For our conversation is in heaven; from where also we look for the Savior, the Lord Jesus Christ:…
1. By using this metaphor the apostle appealed to one of the strongest and purest feelings in the breasts of the men of that day. In modern times it is scarcely possible to appreciate the full force of such an appeal. One city will never again exert the influence of Rome, nor kindle a similar enthusiasm. Citizenship will never again be what it was in Rome. As a mother beloved her citizens cared for her, were proud of their connection with her, would spill their blood in her defence. For services endured, to enter Rome in triumph was the highest honour; to be banished for offences against her, the deepest disgrace. All that was worth living and dying for was implied in citizenship. It spoke of privileges to be preserved, traditions to be maintained, glory to be kept untarnished.
2. Such an appeal was appropriately made to the Philippians. Philippi was a military settlement (colonia), and its inhabitants had the privileges of Roman citizens. Here, too, it was that Paul stood on his dignity and right (Acts 16:17). Possibly the remembrance of these facts suggested the metaphor, though it would come naturally from the apostle writing from Rome.
I. The metaphor would suggest CERTAIN TESTS BY WHICH A CITIZEN OF THE HEAVENLY CITY MAY BE DISTINGUISHED FROM A MERE CITIZEN OF THE WORLD. A good citizen —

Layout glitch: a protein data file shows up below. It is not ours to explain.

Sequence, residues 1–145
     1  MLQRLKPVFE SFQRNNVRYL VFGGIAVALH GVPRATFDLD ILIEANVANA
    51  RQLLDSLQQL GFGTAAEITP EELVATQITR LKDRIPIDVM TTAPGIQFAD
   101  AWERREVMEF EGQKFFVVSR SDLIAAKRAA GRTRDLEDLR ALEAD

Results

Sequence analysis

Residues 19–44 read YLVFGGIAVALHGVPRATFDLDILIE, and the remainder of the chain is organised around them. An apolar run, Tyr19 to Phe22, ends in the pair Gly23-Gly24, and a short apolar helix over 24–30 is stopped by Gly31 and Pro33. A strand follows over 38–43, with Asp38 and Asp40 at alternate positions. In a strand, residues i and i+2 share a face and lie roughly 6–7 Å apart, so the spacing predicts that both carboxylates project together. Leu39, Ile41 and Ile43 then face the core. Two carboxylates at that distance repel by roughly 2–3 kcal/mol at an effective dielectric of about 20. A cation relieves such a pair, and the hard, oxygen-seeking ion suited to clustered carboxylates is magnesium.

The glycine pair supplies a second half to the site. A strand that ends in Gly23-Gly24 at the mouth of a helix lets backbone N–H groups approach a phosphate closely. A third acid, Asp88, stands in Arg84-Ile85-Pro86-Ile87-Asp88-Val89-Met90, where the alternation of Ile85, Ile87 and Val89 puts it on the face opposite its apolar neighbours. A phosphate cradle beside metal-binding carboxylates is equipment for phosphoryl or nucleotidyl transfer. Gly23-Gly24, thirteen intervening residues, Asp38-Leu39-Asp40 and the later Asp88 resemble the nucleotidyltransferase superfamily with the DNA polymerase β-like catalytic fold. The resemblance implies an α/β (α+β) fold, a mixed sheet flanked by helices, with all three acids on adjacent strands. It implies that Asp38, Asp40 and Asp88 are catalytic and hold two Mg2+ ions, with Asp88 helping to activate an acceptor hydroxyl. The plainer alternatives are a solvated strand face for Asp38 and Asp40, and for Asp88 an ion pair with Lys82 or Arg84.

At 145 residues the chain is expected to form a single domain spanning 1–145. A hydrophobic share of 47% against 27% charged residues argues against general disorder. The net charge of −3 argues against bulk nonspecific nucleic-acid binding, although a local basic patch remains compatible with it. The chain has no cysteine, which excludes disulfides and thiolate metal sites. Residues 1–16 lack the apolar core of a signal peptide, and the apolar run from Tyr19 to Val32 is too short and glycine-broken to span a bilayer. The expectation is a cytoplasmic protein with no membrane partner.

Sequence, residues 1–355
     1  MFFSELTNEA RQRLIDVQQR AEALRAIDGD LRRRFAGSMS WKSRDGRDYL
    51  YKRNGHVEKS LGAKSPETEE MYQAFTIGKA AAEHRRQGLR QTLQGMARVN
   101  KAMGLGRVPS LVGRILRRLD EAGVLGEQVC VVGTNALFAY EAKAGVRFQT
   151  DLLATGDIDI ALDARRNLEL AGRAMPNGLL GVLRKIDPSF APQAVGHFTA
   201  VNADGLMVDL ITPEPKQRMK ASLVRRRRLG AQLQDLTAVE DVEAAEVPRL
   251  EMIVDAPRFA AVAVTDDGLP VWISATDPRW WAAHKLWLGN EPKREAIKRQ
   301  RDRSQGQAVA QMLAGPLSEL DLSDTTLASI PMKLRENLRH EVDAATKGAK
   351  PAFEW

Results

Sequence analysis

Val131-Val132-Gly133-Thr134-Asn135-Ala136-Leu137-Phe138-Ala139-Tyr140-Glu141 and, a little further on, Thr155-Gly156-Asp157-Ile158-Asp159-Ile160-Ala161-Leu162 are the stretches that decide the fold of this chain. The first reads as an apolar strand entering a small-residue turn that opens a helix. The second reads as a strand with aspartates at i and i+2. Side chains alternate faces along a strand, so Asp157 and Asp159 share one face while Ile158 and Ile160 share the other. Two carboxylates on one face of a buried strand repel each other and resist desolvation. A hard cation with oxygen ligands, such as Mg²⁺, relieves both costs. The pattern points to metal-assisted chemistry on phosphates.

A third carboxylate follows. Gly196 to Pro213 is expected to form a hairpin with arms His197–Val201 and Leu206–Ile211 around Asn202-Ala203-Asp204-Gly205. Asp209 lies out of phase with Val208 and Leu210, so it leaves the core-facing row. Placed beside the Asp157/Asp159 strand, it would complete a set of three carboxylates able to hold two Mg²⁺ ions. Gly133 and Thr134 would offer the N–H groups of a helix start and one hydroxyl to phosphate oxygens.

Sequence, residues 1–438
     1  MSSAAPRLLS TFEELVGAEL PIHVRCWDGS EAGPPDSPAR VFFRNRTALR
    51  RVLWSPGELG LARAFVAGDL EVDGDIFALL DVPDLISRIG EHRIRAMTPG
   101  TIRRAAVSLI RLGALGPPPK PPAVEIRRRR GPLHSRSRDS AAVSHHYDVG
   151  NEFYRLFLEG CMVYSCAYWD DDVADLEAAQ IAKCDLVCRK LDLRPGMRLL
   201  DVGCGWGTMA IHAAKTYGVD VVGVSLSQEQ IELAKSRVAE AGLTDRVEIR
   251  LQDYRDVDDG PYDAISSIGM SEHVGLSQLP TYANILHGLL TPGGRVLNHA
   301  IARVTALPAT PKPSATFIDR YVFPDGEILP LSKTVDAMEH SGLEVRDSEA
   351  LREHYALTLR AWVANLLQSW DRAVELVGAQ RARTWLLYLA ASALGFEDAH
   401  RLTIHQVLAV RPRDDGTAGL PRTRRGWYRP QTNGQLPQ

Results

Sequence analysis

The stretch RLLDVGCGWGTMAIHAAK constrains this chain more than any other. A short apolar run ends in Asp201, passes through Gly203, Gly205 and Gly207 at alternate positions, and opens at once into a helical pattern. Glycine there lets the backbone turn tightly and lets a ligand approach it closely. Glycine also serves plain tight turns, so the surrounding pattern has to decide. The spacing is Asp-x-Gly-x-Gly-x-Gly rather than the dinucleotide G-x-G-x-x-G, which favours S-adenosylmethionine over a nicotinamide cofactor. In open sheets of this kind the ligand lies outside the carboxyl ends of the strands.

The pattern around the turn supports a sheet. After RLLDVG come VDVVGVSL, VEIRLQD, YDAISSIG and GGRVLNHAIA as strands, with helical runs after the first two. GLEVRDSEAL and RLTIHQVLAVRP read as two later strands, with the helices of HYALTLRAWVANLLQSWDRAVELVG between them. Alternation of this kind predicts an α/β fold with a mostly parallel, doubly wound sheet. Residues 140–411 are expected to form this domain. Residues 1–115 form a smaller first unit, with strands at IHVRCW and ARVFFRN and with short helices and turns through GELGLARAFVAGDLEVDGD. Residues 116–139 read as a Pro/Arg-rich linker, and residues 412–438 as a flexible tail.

1. Will conform to the laws of his city. Are we obeying the laws of heaven?
2. Will oppose the enemies of his city. Are we fighting against sin, or are we at peace with evil?
3. Will be active and zealous in all that concerns the welfare and advancement of his city. Is the petition, "Thy kingdom come" an utterance of the lips only, or the acted prayer of our lives?
4. Will subordinate private and personal interests to the interests of his city. Are our lives characterized by self-seeking or self-surrender?
5. Will fear to disgrace the good name and honourable tradition of his city. Do we behave as citizens worthy of the gospel of Christ? (Philippians 1:27).
II. The metaphor may remind us of THE NATURE OF THE EARTHLY LIFE. It is a pilgrimage. Man has not reached that perfect home where his full powers can be developed and exercised, and his loftiest expectations realized. The noblest of all ages have felt this. The "Republic" of Plato is an acknowledgment of it, while the testimony of patriarchs, prophets, apostles, and martyrs is unanimous (Hebrews 11:13-16, cf. Genesis 43:9; 1 Corinthians 29:15; Psalm 29:12; 119:19; 1 Peter 1:17; 1 Peter 2:11). Pilgrims may admire the varied beauty, and enjoy the richness and fertility of the lands through which they pass, but their thoughts and deepest affections will be homewards. They will live in a condition of expectancy, which will determine the character of all their relations to the land of their sojourn. So the citizens of heaven, while thanking God for every good and perfect gift, will nevertheless regard all earthly beauty, richness, and joy but as a type of the spiritual things which God has prepared for those who love Him in the perfect city which "eye hath not seen," etc.
Parallel VersesKJV: For our conversation is in heaven; from whence also we look for the Saviour, the Lord Jesus Christ: